It’s time to return to a long time ago in a galaxy far, far away Andorthe latest Star wars TV series premieres on Disney+. This show stars Diego Luna as Cassian Andor, a role he originated Rogue One: A Star Wars Story. The latest series takes place five years before the events of that film during the height of the Empire’s rule over the galaxy. The first four episodes of this show are a cinematic, delightful look at a franchise in need of a solid creative voice.
Tony Gilroy creates this huge, immersive look into Star wars galaxy. He has previously worked as a writer on four of the Bourne films and was a co-writer on Rogue one. Gilroy and directors Toby Haynes and Susanna White bring a great look to this show. The opening sequence of the series premiere puts us on a planet that looks completely original to the franchise. There are shots in this sequence that look similar Blade Runner 2049 with incredible production design and masterful lighting. Cinematographers Jonathan Freeman and Adriano Goldman outdo themselves with their standout work on this show with its cyberpunk/space epic aesthetic.
Cassian Andor is introduced to the audience as a lone wolf looking for his sister from Kenari. The history of Andor isn’t rushed, offering a slower pace to the show that gives everything a chance to breathe. Unfortunately, some of this storytelling doesn’t quite work, as the episodes typically don’t end on cliffhangers that keep you excited about what’s coming next. Instead, the series feels like the ongoing show, The Lord of the Rings: The Rings of Poweranother return to a beloved franchise with masterful filmmaking that doesn’t exactly have a story that pulls you in without letting go.
After four episodes, the story is off to a strong start, to say the least, bringing many characters and fresh faces to the galaxy. It’s a comprehensive look at this series that tells a story we haven’t seen before and never knew we should. This is a mature outing for this space opera franchise that focuses less on lightsabers and Jedi and more on a man-on-the-run thriller aesthetic. This is a more grounded tale set in the dark underworld of this series, with themes of empire and rebellion taking a back seat. That’s a bold move for one Star wars Show prioritizing story over acting and it’s quite effective.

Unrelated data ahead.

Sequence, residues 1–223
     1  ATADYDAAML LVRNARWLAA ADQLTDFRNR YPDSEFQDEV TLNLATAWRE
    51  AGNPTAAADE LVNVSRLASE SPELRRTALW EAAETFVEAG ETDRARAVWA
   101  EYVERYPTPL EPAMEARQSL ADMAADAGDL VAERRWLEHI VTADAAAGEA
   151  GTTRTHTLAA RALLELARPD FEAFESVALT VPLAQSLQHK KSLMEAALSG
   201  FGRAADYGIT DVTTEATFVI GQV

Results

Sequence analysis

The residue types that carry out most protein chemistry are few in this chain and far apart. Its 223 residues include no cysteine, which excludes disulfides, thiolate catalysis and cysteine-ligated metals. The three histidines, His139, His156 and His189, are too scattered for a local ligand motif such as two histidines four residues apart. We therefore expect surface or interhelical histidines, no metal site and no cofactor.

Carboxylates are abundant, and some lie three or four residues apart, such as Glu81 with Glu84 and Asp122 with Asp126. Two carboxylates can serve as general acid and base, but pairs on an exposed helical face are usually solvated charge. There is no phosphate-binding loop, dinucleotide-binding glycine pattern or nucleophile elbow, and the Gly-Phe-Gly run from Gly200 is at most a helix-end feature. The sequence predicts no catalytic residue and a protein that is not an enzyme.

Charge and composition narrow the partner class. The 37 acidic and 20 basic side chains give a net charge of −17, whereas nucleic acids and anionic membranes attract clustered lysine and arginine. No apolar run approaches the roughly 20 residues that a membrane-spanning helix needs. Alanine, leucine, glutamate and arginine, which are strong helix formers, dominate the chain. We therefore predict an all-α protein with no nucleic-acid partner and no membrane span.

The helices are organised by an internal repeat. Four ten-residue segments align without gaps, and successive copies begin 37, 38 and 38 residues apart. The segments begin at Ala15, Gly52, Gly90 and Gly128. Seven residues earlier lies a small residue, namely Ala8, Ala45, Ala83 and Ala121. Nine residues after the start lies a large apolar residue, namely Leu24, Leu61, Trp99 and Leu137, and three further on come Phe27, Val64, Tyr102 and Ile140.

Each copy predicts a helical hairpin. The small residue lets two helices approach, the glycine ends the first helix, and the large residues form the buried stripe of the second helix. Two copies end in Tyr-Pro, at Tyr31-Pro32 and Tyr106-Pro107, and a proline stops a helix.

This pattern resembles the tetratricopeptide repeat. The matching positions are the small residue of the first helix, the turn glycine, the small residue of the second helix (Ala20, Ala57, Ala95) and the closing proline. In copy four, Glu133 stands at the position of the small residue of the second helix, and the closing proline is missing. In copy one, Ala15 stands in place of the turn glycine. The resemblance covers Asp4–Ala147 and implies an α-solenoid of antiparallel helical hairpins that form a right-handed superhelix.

Andor also benefit from the grounded nature of its production. Practical sets have always been where this series has thrived; the prequels’ over-reliance on CGI and the extensive use of The Volume has led to an artificial look to some Star wars projects. However, this show uses practical sets and real locations, allowing for a rich, incredible-looking show that feels immersive. This shines through, especially when we see the non-linear structure of the series filling in the gaps of Andor’s childhood.
There are a few rough edges here. For example, a story surrounding Mon Mothma feels very distant from the rest of the show, but this is a fascinating series. While showing as The book about Boba Fett and Obi-Wan Kenobi feel like they were created to cash in on your nostalgia and love for others Star wars projects Andor is primarily free of familiar faces. It doesn’t rely on your ability to understand references for you to enjoy it. Instead, it goes a unique route where you don’t have the Empire as the villains and tells a new story with complete, mature storytelling and a solid directorial style. This show is the breath of fresh air there Star wars needed.
Like ComingSoon’s audit policy explains, a score of 8 corresponds to “Fantastic”. Although there are a few minor issues, this score means that the art succeeds in its goal and leaves a memorable impact.